Being Black Is Like Carrying a Flag

The endless murders of unarmed black men and boys by cops shares something with—of all things—global warming. This is what they share: You can’t be certain that any particular death was murder by out-of-control cops, and you can’t be certain that any given weather event is due to global climate change. But you can be certain that the wave of deaths are murder by out-of-control cops. And you can be certain that the wave of severe climate events were caused by global climate change.

It is the overall frequency of these events that is the telltale feature. One storm does not tell us much, but the fact that this storm is one of a 400% increase in storms tells us volumes. The same is true of shootings by cops.

White blamers have at least a minor point.

But the white blamers also have at least a minor point, and that is it’s not so easy to tell the difference between, for example, a potential shoplifter in your store and just another customer. If you are the owner of a small store that sells shoplift-worthy goods, you will often immediately recognize the suspicious ones. Most often they are young men. They don’t seem to want to buy any particular thing, and they tend to appear “shifty”. That is, they don’t face you directly, but now and then look at you by glancing sideways. They tend to dress in a way that suggests they are part of a group of young men who disdain authority, or worse.

And at least in the popular perception they are more likely to be black, because African-Americans carry a flag—their skin color—that readily identifies them. Whether it is true that they are more likely to be miscreants is uncertain. For certain, all black men are treated with excess suspicion, and are many times more likely to be stopped or arrested by the police. Worse, they are many times more likely to be shot and killed by police, regardless of what they do.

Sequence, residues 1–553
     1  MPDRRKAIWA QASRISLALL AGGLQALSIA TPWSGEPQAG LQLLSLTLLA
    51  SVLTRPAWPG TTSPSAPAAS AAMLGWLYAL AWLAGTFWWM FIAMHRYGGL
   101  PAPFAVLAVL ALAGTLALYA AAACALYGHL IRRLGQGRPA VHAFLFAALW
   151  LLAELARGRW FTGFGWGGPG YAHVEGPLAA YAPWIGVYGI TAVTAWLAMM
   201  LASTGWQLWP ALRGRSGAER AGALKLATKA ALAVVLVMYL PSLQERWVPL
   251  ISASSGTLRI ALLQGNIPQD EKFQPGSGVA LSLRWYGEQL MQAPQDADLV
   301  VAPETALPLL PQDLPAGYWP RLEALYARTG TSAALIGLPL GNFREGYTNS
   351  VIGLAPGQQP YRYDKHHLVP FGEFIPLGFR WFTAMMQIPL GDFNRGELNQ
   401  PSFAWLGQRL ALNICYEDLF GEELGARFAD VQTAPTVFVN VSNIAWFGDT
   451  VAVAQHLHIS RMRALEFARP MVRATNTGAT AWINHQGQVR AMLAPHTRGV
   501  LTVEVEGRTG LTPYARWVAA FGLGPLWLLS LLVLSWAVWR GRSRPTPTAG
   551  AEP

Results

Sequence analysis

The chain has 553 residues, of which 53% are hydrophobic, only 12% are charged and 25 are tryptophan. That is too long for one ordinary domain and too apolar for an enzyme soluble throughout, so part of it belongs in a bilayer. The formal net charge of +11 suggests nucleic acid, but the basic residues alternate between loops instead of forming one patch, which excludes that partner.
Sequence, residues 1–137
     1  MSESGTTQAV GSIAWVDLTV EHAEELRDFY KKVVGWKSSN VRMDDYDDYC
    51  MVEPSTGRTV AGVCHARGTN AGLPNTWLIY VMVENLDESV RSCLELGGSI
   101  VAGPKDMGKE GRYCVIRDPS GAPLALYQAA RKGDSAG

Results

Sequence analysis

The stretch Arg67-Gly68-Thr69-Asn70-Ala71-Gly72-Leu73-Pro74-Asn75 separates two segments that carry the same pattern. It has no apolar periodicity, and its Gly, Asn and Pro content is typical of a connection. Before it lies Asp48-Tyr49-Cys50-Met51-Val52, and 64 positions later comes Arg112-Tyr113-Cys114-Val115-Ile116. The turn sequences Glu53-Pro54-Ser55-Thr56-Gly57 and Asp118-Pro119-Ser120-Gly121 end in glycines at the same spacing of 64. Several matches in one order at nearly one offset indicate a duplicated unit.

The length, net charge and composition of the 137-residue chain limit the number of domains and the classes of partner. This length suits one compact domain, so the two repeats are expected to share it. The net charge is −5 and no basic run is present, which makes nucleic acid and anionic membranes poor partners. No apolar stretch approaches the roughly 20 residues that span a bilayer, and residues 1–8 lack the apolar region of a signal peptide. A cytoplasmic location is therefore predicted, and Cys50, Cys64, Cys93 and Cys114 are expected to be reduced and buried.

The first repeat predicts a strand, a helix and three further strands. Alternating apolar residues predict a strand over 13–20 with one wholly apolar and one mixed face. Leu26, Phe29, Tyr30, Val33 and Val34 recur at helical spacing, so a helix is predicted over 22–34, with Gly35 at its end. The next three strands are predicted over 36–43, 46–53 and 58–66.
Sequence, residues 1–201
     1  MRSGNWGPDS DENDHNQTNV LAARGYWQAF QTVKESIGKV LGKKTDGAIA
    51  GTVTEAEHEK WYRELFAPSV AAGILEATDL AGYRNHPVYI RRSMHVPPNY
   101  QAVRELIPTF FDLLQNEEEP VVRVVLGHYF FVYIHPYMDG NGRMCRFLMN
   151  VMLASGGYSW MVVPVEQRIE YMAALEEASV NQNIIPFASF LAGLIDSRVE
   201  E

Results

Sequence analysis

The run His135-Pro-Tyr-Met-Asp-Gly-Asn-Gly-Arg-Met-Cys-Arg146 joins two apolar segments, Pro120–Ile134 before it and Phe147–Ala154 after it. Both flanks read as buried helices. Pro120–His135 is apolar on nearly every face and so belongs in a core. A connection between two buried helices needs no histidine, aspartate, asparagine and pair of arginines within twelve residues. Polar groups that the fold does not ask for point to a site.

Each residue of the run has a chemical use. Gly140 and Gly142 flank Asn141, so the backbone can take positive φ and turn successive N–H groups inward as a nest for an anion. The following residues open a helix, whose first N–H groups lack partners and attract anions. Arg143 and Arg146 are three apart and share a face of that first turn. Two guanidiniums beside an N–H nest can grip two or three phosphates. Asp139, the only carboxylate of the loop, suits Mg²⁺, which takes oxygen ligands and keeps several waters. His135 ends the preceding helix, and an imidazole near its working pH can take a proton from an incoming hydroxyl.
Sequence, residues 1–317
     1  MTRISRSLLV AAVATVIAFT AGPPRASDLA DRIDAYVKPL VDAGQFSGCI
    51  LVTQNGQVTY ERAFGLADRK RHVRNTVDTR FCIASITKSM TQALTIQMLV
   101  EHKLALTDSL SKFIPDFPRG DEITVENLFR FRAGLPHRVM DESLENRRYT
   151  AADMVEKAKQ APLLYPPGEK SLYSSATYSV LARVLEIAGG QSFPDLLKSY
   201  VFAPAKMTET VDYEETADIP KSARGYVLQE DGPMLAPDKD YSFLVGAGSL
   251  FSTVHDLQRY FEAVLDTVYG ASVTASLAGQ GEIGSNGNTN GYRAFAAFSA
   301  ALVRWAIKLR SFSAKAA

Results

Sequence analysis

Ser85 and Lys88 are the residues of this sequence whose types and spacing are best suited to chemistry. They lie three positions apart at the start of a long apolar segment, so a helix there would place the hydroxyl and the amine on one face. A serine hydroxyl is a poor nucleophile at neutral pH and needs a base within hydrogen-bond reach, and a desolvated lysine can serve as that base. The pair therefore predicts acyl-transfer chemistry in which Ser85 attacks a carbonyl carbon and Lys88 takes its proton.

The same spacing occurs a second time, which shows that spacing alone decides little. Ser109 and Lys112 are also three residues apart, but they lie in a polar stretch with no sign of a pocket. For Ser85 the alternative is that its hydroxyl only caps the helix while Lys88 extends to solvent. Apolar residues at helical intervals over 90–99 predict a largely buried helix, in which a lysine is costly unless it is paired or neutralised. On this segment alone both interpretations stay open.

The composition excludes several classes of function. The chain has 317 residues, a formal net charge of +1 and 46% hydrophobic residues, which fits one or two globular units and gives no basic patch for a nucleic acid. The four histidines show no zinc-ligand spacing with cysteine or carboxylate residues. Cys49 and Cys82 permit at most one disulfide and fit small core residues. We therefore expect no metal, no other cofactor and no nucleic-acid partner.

African-Americans carry a flag
—their skin color—
that readily identifies them.

Back in your store, you can’t even rely on your perception that this one, black or not, is a good kid just because he looks like a good kid. His two friends, who came in after he did, may grab a bunch of stuff and run out while he’s paying for his bag of chips.

This is probably not a particularly racial concern: I’d look askance at any small group of kids in my store. I’m aware there are Asian boys who go on shoplifting raids to see who can steal the most, and groups of white kids who steal routinely. But African-Americans are easily distinguished by the flag of their skin color, and so, regardless of the truth of it, are more quickly picked out for special suspicion. It certainly doesn’t help when young people, of any race, adopt bizarre hair styles and clothing.

We have fallen into another
of those damned-if-I-do,
damned-if-I-don’t traps.

We have fallen into another of those damned-if-I-do, damned-if-I-don’t traps. Inequality and poverty are the legacy of the long malign racial history in the US. So while it is obvious that there is no reason for respectable black men to be forced to the ground by racist cops, it is also true that owners of small stores have good reason for suspicion of those who look like potential shoplifters. Moreover, it seems probable that people in poverty are more likely to be petty thieves, and because of our racial history the poor are more likely to be black.

The obvious solution is to do everything we can to create equality and increase opportunity. We have forever been doing exactly the opposite, and this has not only worsened poverty and sharply restricted the lives of the poor, but also kept them in the circle of people we probably don’t want to see drifting around in our stores.

The obvious solution
is to do everything we can
to create equality.

This, of course, is hardly our only problem. The US is headed in the wrong direction—in international relations, in economic equality, and in racial relations, and more. At base, these are all political problems, and our politicians seem full of passionate intensity for all the wrong causes.

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